George Washington Papers

[Diary entry: 3 July 1788]

Thursday 3d. Thermometer at 68 in the morning—82 at Noon. And 72 at Night. Clear and quite calm in the morning. In the Afternoon the wind sprung up & blew tolerably fresh from the So. Et. About 4 Oclock a cloud arose to the Westward & approached in the Winds eye & began to rain very moderately, and continued to do so in the same manner for ¾ of an hour, without Wind.

Rid to all the Plantations.

At the Ferry—two Cradlers began to cut Wheat in No. 1 on Stoney hill but it being rather green, in places, it was thought best to let it lay a day before binding. The People therefore went into and wed the Corn which was in the low part of the field—2 Plows and harrows at Work as usual there.

At French’s—three plows, and two harrows were at Work—one of the double harrows going before the Plows (over the Newly planted Potatoes) and the small (triangular one following after them). Will (the Overseer) and 4 of his own Women—Delia being taken from Spinng.—Davy from the Mill and Sinah and Lilly from the House were employed in taking up the Wheat and Rye that was cut down on Tuesday last.

At Dogue Run. Two plows and a Harrow were at work in the Corn. All the other hands, with Mima from the House, were engaged in securing the Rye that was cut yesterday. The Dutchman & Simms were cutting the cape Wheat, and other Wheat in the little field by French’s—Seven Cradlers were at work cutting Rye in field No. 6 by Colo. Masons—viz.—Isaac, Cooper Tom, Ben, Adam, Jack, Paschal & Abram—which they began pretty early this Morning after finishing that in fd. No. 4.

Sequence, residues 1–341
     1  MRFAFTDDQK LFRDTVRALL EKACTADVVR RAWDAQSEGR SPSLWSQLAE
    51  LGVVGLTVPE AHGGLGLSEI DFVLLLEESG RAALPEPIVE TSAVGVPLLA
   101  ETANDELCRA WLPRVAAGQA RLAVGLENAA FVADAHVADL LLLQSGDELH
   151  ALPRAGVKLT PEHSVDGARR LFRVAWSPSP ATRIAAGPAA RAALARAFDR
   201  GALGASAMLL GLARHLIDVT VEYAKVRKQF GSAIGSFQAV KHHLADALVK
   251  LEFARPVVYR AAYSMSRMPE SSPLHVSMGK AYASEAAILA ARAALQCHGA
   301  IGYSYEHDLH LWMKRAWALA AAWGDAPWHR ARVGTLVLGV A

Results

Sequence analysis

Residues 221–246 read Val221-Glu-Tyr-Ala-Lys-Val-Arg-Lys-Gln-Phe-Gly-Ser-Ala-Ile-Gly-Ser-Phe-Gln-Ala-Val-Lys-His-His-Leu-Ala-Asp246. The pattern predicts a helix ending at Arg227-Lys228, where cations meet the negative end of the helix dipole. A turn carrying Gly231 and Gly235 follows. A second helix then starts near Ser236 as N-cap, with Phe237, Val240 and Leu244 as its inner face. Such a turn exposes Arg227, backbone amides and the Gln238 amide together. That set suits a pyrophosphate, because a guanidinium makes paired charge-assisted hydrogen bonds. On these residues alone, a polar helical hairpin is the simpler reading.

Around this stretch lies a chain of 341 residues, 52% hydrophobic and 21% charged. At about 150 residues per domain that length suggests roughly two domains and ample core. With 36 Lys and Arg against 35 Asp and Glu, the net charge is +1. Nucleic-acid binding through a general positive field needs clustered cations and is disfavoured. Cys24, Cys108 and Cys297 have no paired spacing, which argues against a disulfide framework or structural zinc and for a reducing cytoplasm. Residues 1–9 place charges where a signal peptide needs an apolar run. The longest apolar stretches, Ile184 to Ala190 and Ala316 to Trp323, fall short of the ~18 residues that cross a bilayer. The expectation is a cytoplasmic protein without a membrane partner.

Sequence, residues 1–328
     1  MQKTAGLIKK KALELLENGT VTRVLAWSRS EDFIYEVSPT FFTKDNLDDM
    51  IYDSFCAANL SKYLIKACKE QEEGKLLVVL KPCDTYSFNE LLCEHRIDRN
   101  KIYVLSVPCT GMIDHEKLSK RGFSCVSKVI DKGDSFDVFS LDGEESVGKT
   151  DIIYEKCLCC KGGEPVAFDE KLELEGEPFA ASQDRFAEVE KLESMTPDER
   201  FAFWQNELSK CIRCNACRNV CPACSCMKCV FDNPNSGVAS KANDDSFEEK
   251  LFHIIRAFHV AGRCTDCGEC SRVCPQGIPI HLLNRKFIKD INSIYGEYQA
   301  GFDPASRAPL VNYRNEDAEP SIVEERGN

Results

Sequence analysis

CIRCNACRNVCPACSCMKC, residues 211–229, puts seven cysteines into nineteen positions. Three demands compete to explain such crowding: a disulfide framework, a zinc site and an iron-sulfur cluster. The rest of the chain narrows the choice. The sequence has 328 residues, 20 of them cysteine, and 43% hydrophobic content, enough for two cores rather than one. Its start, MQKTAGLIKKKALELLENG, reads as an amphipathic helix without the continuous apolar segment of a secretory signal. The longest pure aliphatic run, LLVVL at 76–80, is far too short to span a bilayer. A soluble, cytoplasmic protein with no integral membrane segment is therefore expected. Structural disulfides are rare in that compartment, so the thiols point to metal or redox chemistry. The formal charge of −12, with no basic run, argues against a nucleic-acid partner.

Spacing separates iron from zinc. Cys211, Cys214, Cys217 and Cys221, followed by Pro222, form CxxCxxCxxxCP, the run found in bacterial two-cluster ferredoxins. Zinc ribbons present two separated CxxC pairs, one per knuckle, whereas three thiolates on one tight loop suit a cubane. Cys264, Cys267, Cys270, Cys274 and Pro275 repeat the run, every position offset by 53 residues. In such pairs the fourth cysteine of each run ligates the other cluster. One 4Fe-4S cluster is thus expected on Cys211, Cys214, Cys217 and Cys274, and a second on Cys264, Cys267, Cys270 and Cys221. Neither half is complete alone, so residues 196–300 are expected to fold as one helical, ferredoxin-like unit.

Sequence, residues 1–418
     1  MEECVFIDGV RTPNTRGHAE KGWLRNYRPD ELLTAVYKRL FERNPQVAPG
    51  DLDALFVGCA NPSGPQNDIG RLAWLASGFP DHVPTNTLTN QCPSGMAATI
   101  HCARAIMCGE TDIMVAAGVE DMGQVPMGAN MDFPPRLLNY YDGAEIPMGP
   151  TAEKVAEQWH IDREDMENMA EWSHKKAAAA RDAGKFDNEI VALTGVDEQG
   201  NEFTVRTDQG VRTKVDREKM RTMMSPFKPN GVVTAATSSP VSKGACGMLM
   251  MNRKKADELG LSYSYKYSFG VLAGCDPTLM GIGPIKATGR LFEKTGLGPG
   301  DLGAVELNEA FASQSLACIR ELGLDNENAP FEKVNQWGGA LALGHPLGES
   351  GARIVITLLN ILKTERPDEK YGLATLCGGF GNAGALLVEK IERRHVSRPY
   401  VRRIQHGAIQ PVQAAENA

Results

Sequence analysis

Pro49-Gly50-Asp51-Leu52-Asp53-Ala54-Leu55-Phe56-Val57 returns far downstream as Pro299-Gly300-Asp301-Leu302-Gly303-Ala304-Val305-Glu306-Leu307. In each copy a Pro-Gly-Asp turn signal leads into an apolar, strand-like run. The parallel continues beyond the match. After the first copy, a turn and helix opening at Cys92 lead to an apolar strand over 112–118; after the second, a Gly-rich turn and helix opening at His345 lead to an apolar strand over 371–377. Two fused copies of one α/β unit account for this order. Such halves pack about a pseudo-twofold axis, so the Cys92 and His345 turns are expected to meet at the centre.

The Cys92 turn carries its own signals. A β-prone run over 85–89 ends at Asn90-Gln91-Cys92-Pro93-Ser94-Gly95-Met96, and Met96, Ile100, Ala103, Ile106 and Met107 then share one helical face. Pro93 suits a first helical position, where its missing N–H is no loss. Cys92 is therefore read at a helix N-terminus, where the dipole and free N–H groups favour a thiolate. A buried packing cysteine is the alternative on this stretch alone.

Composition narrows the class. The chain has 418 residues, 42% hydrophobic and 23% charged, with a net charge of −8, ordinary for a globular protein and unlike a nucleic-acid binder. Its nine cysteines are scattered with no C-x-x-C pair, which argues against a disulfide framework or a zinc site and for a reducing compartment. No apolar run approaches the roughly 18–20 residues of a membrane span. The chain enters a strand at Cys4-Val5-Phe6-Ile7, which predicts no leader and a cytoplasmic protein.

At Muddy hole—5 Cradlers—viz.—Mink Will, Cowper Jack, Tom Nokes Charles and Gabriel (newly put to it) were cutting Rye. All the other hands with Virgin from the House, were securing it.

In the Neck—Two plows and a harrow were yet preparing part of field No. 8 for Buck Wheat; that part of this field which had been sown with Pease had come up very well. Two plows and the little harrow were in the Corn field—And 1 plow was in the hilled Pease. The other two were stopped that the drivers might assist in the harvest field. Began with Seven Cradlers—viz.—James, Tom Davis, Boatswain, Sambo, Smith George, Essex & Ned to cut Rye. All the other hands were securing it after them.

The names of the slaves mentioned here illustrate GW’s efforts to make full use of his labor force in the fields at harvest time. All four of the slaves at the mill—miller Ben and coopers Davy, Tom, and Jack—were sent to the fields as were the four Home House carpenters: Isaac, James, Sambo, and Tom Nokes. Other Home House slaves who were given harvest duties were the carpenter Simms, bricklayer Tom Davis, blacksmith George, laborer Boatswain, and four young girls: Sinah, age 16; her sister Mima, age 12; and Lilly and Virgin, both age 13. Adam and Jack were laborers normally assigned to Dogue Run; Mink Will, Charles, and Gabriel were Muddy Hole laborers; and Essex and Ned were River plantation laborers. Will, the overseer at French’s plantation, was apparently one of the slaves rented from Penelope Manley French, as were Delia, Paschal, and Abram (see entry for 18 Feb. 1786; deed of Penelope Manley French to GW, 18 Oct. 1786, Fairfax County Deeds, Book Q–1, 392–96, Vi Microfilm).

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